GENEVA - The Inter-Parliamentary Union finds more women around the world are winning seats in their national parliaments, with the best gains being made in countries that have well-designed quota systems.
The report finds women’s representation in national parliaments rose by nearly 1 percentage point last year to 24.3 percent. This may seem a modest increase, but this figure indicates an ongoing upward trend of women’s participation in politics since the 1995 World Women’s Conference in Beijing. At that time, only 11 percent of women were in parliament. Their share has now more than doubled.
IPU Secretary-General Martin Chungong says he also is heartened by the greater diversity in the makeup of women’s representation in parliament.
“We are seeing more women of native origin," he said. "We are seeing more women of color coming into parliaments around the world. And if we take the United States, for instance, we saw a noticeable improvement in parliamentary diversity, with Native Americans making inroads into parliament, women of color increasing their share of parliamentary representation. And we even see the entry into parliament of two Muslim women.”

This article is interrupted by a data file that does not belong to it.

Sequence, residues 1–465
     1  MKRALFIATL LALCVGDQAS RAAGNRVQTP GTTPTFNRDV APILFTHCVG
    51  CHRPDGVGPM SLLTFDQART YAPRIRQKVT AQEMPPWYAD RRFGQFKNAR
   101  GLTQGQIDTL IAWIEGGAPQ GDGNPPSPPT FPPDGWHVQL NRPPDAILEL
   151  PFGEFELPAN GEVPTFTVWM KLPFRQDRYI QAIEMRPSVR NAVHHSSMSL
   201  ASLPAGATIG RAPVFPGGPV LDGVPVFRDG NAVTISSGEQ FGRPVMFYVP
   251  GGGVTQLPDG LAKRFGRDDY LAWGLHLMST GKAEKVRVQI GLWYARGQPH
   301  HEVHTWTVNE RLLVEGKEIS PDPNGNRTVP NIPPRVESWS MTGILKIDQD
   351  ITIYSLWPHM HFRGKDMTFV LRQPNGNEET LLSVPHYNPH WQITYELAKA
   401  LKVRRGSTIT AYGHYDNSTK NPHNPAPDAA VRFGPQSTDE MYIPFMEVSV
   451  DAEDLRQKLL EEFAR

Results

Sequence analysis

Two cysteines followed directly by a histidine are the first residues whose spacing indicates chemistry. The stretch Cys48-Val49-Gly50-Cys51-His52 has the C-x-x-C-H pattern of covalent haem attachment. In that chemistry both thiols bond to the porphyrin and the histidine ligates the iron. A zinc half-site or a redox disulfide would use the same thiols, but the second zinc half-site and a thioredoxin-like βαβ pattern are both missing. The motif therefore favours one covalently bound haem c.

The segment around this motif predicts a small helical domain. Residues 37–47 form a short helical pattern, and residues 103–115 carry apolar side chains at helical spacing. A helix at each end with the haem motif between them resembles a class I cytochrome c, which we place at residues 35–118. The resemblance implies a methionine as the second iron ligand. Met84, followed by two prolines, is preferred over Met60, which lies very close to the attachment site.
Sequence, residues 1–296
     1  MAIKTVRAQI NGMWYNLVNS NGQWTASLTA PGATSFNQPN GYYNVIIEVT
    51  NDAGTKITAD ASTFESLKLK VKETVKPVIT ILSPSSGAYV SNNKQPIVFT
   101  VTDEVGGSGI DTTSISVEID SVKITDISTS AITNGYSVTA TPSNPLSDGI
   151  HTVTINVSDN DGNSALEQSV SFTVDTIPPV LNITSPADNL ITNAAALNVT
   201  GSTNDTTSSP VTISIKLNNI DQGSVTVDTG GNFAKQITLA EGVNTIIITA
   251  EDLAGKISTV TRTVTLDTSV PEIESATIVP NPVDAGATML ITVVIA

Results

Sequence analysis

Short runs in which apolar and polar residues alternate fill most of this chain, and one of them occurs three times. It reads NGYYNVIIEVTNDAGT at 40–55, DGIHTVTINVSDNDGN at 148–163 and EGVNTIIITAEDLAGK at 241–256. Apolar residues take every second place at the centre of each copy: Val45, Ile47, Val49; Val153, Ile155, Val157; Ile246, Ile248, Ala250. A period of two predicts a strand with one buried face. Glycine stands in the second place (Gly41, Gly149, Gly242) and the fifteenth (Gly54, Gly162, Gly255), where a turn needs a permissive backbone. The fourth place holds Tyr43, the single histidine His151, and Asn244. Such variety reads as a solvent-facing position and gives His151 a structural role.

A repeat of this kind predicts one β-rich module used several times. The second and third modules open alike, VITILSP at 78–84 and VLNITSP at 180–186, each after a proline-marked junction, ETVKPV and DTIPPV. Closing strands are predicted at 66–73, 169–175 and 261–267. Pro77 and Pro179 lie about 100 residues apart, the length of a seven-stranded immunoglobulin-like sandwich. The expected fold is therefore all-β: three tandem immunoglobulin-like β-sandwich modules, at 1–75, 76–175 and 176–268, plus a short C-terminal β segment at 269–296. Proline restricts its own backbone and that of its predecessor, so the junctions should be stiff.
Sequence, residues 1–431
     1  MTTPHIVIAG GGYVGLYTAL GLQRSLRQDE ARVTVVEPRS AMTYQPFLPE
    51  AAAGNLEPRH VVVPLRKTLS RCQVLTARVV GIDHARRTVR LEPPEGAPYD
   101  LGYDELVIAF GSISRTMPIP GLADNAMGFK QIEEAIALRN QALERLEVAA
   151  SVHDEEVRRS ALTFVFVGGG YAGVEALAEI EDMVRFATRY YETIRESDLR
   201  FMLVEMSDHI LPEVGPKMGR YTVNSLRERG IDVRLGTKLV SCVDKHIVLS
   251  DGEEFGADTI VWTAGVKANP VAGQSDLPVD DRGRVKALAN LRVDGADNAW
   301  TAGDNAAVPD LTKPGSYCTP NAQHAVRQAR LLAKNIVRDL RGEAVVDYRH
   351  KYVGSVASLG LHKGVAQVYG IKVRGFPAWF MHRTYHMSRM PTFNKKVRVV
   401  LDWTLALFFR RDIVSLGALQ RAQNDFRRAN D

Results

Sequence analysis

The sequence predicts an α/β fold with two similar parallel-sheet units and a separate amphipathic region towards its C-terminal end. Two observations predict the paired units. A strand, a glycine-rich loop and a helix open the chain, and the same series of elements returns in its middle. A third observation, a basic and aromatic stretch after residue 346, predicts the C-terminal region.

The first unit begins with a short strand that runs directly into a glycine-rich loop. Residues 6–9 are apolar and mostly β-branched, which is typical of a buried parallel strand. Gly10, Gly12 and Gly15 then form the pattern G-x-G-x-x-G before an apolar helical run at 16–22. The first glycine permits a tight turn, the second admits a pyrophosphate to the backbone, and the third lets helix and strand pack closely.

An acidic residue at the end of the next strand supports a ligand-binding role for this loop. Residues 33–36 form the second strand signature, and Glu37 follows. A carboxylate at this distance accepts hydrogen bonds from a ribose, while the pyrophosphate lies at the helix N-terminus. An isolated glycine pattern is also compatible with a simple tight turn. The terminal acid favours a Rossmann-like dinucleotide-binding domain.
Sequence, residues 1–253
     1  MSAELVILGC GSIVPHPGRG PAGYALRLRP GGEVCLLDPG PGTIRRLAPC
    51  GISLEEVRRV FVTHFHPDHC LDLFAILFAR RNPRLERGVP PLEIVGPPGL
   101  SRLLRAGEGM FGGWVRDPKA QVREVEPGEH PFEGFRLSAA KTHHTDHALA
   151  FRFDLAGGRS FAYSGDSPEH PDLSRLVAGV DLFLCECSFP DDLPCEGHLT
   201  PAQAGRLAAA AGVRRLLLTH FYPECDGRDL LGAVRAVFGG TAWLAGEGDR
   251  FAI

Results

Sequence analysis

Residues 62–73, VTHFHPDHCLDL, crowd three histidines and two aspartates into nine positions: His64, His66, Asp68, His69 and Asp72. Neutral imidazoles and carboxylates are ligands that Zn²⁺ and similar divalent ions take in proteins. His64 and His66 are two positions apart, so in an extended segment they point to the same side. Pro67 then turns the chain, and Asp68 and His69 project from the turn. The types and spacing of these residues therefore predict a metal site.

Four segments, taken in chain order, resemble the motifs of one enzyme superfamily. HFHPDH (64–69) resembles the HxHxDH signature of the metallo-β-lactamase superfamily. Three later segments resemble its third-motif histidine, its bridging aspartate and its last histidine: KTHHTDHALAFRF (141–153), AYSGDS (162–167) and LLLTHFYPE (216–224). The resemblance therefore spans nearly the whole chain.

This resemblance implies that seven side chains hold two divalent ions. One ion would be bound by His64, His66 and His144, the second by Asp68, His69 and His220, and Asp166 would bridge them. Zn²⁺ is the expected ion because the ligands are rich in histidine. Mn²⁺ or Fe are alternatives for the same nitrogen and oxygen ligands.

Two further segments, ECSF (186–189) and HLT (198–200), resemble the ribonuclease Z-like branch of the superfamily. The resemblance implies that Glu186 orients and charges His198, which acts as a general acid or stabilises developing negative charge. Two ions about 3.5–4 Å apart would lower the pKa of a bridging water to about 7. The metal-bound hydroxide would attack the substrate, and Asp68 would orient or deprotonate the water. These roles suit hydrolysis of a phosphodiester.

Chungong notes the United States shot up in the global rankings of women parliamentarians from 137th position in 2017 to 79th place last year. The survey finds women now occupy about one-quarter of all seats in both houses of Congress.
As in previous years, Rwanda continues to hold the top spot in the rankings with more than 61 percent of women parliamentarians. Two other African countries, Namibia and South Africa, are in the top 10.
The IPU finds 65th-ranked Djibouti made the most dramatic gains regionally and globally among lower and single chambers. It says the share of women in parliament rose from nearly 11 percent to more than 26 percent.
The report says the Americas continue to lead all regions in terms of the average share of women in parliament with 30.6 percent. This contrasts with the Middle East and North Africa, with the lowest regional average of slightly more than 18 percent female parliamentarians.